The recent announcement of Apple’s watch defined the next must-have gadget for tech-hungry consumers.
But with smartwatches, fitness trackers, head-mounted displays and other wearable devices forming the latest craze in consumer electronics, some business leaders are already asking how they will manage and utilise them for their workforce and customers.
Australians have demonstrated a mania for personal technology. Australia ranks sixth globally for smartphone usage, according to Google, with 64.6 per cent penetration, just seven years after the release of the first iPhone.
The rapid uptake of smartphones caught many organisations by surprise, both in terms of the strong desire of employees to bring them to work, and customer demands to use them as a means of interaction.
There are signs the adoption of wearable technology could happen faster still. Deloitte has estimated the global market for wearables at $US3 billion, and according to the analyst firm Telsyte, there were already 380,000 smartwatches in Australia at the end of June this year.
This figure does not include the many wearable health monitoring devices currently available, such as the FitBit or Nike’s Nike Fuelband.
In some ways the Apple Watch is simply the latest iteration of a fast-moving new category, with Samsung having already released the third generation of its Gear smartwatch.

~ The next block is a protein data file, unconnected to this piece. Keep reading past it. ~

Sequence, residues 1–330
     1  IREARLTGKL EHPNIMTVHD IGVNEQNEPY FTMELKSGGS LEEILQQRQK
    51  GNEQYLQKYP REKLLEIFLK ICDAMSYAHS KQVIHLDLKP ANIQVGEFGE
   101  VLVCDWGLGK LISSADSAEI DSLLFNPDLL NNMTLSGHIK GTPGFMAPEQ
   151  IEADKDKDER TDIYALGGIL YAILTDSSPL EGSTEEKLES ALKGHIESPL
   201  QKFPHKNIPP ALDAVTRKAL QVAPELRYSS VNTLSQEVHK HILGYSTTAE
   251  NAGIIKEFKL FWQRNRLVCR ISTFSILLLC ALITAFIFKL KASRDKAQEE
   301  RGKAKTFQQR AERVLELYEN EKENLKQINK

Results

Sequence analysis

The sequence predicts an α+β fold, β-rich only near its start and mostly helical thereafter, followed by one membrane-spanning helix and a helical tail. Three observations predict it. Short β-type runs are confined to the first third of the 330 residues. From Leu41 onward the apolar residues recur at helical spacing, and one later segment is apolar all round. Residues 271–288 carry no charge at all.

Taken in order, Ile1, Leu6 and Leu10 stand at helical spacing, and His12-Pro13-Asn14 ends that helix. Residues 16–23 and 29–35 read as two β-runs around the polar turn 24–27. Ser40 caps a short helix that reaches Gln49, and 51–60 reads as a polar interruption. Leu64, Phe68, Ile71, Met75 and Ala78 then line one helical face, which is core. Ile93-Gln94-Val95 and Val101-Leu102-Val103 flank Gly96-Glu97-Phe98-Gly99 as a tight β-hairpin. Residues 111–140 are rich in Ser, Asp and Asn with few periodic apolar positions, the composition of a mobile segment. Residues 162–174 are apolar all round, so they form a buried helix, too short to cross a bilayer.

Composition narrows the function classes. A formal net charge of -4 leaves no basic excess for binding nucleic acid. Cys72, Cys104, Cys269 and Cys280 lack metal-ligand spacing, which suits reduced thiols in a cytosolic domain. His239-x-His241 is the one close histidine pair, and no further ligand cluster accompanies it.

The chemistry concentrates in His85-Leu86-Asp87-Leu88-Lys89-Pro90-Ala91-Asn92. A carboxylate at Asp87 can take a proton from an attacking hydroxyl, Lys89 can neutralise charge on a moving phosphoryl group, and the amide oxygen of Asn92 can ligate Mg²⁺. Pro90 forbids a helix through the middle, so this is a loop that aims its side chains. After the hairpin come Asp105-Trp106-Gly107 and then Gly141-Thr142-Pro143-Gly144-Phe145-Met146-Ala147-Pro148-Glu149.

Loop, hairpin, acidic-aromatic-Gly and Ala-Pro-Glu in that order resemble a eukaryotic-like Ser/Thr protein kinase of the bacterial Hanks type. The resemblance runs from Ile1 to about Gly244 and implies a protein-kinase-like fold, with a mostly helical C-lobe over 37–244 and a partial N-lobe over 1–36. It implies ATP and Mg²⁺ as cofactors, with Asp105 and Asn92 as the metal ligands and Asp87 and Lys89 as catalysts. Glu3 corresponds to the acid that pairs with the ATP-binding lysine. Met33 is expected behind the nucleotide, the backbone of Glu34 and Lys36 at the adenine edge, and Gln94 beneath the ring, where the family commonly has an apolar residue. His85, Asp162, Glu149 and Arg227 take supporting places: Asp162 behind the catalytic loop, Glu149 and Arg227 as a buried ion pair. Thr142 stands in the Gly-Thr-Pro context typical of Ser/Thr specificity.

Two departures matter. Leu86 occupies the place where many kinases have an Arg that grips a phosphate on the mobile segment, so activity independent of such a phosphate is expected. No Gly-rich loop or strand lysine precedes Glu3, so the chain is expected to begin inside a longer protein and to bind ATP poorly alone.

Samsung’s vice president for enterprise business Craig Gledhill says professionals and managers have shown strong interest in the device, as it is a more personal and less obtrusive way of sending and receiving information.
“We will see a large deployment of wearables in corporations, probably far more than we expected,” Gledhill says.
Samsung has worked with Swinburne and Deakin universities on putting student management information such as scheduling, calendaring and alerts onto Gear Watches. Another trial with Australia Post has seen one of its apps for parcel delivery staff ported to the Gear.
For Bendigo and Adelaide Bank, its wholly-owned subsidiary Community Telco Australia has worked with Samsung to develop a version of its redy payment system for the Gear smartwatch.
Community Telco’s chief executive officer Mike Joss says the result is a mobile payment system that enables point-of-sale transactions entirely using the watch. The user simply enters a PIN into the watch and then scans the point-of-sale terminal’s identifying barcode to complete the sale.
“We have no doubt at all that wearables will be mainstream eventually, so our thinking is that if we have the platform to do it, and we believe that consumers will use it, then this is a good opportunity to get in and learn in a live environment,” Joss says.
“We know that banking is changing, and we know that consumer behaviours are changing. And the way they bank is certainly going towards online and mobile more than ever before.”
But it is not just smartwatches that have business leaders exploring opportunities.
In March this year, Facebook bought the virtual reality headset developer Oculus Rift for $US2bn, signalling its ambition to create new forms of human-to-computer interaction.
Some Australian organisations, including Westpac, have also begun developing applications for Google’s head-mounted display system, Glass.
Melbourne-based developer b2cloud has also been working with Google Glass for more than a year in partnership with Telstra. One of its creations is an application that uses the Glass’ inbuilt camera to help identify objects for the visually impaired.